Create an organizational chart that demonstrates the structure of your entity › Formatting is up to your
Compile a list of officials in place either at the time the report was issued or during the fiscal year of the report (if different). › Formatting is up to
Requirements of GAAP for basic financial statement presentation, but applied in a manner consistent with a modified cash basis and program requirements. › Basic financial statements consistent with GAAP but
reported on a modified cash basis. › Possible combination of government-wide and fund financial statements. Same modified cash basis for presenting data in both › Budgetary comparisons for the general fund and major special revenue funds with legally adopted annual (or biennial) budgets must be presented as a basic financial statement.
By definition, not required for reports not presented in accordance with GAAP. Program requirements › Budgetary comparisons for the general fund and major
special revenue funds with legally adopted annual (or biennial) budgets (normally reported as RSI in GAAP) must be presented as a basic financial statement. › Certain relevant information normally required to be presented as part of management’s discussion and analysis (MD&A) in connection with GAAP financial reports must be incorporated into the letter of transmittal.
Since required supplementary information is only required by GAAP, this removes the option of presenting budgetary comparisons for the general fund and major special revenue funds as either basic financial statements or separately in the RSI. › Thus, the Certificate of Conformance Program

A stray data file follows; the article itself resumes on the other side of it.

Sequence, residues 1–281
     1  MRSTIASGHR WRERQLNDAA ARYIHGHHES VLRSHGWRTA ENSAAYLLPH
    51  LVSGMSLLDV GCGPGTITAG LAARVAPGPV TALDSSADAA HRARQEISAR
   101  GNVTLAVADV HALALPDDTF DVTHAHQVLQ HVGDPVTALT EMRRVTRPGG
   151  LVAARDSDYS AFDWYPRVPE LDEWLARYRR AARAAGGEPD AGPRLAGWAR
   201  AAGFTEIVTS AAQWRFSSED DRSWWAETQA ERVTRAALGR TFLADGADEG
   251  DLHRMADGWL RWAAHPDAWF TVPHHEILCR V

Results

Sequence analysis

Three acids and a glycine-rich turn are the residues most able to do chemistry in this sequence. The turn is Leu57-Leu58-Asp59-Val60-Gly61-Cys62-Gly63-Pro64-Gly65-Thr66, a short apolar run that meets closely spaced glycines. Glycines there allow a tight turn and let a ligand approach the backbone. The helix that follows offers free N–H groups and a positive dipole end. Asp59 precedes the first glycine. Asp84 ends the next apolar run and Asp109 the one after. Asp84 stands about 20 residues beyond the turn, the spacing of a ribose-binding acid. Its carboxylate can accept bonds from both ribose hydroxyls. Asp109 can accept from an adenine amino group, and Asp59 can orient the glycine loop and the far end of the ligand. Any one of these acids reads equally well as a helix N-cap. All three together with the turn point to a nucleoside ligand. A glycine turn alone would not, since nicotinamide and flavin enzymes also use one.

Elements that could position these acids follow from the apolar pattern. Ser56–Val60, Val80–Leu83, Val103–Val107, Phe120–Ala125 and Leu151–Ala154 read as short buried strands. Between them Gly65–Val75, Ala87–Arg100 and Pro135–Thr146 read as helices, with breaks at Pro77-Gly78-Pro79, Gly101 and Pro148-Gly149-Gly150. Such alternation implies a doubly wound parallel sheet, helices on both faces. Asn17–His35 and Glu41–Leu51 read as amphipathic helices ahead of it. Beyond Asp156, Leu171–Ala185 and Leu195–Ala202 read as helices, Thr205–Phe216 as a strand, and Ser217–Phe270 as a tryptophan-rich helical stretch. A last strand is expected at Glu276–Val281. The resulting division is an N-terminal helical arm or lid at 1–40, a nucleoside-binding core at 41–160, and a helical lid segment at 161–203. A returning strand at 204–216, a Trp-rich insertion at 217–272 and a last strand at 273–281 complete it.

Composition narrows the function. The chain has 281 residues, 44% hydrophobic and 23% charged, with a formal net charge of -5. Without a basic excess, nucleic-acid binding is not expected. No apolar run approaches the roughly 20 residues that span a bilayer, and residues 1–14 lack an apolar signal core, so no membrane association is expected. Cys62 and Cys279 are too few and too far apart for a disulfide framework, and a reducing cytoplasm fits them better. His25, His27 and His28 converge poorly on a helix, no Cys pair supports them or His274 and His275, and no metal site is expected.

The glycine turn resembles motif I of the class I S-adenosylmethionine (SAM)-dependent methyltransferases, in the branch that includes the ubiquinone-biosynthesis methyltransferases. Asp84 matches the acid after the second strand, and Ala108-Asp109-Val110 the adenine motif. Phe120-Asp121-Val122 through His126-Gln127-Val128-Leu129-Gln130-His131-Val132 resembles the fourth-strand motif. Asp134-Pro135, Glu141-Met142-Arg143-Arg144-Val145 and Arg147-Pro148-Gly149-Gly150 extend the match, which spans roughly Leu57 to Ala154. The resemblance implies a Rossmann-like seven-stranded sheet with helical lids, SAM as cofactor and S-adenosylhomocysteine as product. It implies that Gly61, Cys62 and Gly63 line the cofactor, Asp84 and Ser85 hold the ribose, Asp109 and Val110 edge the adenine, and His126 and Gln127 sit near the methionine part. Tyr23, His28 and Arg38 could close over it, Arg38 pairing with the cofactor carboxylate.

Policy requires that budgetary comparisons for the general fund and major special revenue funds be presented as basic financial statements.
Local regulatory basis report is already presented in this way.
Similar to those required by GAAP if relevant to any of the items recognized under the modified cash basis. Other note disclosures related to matters not presented on the face of the financial statements, as considered necessary or required by the program guidelines.
Same disclosures for the summary of significant accounting policies, when applicable to the modified cash basis. Not required to disclose capital assets.
Program policy requires a disclosure for long-term liabilities. › Debt, compensated absences, claims and
judgments, and pension-related liabilities.
List of debt, when it was issued and for what purpose. Changes from the previous year’s balance (increases and decreases). Debt service payments for the next five years and in five-year increments thereafter.
Local regulatory basis report already discloses liabilities. The only thing missing is the changes in balances.
Otherwise, similar to typical disclosures, when applicable to the modified cash basis.
Program requirements › Combining and individual fund financial
statements and schedules
Including budgetary comparisons presented at the legal level of budgetary control for all individual governmental funds with legally adopted annual or biennial budgets.
Program requirements cont. › Schedules of five-year trend data, as
Net position – government-wide financial statements – modified cash basis, Changes in net position – government-wide financial statements – modified cash basis, Fund balances – governmental funds – modified cash basis, Revenues, expenditures, and changes in fund balances – governmental funds – modified cash basis, and Outstanding debt by type
Krisztina Dommer Senior Manager Government Finance Officers Association 312-578-5469 [email protected]